Internet Routing in Space, also known as IRIS, is a project being conducted by the U.S. Department of Defense to place an IP (Internet protocol) router on a geostationary satellite. The project is intended for military communications but may eventually be used by the private sector as well. If widely implemented, this technology has the potential to dramatically increase flexibility and traffic handling capability compared with existing satellite Internet systems.
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With current satellite Internet technology, transmission of packets between earth-based end users requires that the data be sent from the source end user to the satellite, where it is received and retransmitted by a repeater. The signal then goes down to a centralized router on the surface, then back up to the satellite where it is processed by a second repeater and then sent down to the destination end user. That means every packet must be received and retransmitted at least three times and must make two complete round trips to the satellite. In the IRIS system, the satellite will receive packets directly from the source and transmit them directly to the destination, eliminating all intermediate surface nodes and requiring only one round trip to the satellite. This will reduce the latency, simplify the system, improve reliability and lower the overall maintenance cost.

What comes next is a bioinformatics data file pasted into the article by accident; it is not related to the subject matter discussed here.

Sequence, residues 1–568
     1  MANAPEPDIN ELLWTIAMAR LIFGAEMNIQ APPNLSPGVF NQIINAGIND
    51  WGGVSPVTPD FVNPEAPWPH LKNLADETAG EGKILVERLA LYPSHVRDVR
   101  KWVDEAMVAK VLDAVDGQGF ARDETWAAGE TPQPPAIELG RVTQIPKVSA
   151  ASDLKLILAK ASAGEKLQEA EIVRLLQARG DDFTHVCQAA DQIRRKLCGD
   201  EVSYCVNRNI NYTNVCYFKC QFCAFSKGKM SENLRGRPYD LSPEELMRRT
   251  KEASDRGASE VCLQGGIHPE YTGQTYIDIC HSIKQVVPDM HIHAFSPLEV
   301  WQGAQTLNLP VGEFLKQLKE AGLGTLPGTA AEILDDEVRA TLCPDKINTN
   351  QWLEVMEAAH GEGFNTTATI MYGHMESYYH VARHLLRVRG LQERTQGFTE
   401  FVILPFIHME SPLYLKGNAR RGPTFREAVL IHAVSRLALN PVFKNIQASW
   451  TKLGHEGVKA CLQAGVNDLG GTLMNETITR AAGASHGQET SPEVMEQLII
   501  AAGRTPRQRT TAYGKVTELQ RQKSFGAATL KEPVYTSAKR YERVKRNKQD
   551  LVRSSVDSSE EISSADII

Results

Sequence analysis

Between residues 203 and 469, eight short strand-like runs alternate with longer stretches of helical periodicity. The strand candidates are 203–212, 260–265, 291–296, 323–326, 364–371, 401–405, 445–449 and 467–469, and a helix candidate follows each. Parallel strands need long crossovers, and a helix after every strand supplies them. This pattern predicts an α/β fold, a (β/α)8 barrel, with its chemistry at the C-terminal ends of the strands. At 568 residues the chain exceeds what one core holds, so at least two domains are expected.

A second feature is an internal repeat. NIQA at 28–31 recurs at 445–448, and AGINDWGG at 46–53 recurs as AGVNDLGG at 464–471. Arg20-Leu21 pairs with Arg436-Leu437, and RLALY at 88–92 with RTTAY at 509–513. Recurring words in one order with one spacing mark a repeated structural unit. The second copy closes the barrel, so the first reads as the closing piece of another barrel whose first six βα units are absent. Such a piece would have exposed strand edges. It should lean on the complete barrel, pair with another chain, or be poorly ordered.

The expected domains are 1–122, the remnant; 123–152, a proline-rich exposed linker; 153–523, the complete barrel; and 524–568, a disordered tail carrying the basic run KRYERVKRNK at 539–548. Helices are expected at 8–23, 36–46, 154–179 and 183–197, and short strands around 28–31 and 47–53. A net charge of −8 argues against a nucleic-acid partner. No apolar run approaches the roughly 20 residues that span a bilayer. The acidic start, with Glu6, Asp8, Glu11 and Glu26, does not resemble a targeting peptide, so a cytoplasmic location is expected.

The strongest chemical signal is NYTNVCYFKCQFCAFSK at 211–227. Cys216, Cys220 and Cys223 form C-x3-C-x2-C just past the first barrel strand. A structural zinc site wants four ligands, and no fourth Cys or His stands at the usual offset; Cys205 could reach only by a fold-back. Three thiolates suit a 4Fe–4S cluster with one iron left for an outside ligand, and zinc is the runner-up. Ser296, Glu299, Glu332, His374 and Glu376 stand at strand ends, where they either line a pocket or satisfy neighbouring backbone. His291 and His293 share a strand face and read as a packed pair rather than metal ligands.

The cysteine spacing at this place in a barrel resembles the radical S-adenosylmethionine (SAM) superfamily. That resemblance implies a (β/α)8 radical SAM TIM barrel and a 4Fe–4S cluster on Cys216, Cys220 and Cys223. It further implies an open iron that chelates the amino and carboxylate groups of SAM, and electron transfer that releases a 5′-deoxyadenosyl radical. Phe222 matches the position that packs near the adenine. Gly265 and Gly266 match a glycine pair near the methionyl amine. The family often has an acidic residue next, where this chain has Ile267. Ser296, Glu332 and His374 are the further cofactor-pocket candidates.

The IRIS project is scheduled to be completed and the satellite launched in 2009. Cisco Systems is designing the software for the on-board router. The hardware is being built by Intelsat, the largest provider of fixed satellite services worldwide. Overall coordination will be done by the U.S. Defense Information Systems Agency.
NASA reported in November 2008 that the Agency had completed a successful test of a deep space communications network for their similar project, Interplanetary Internet.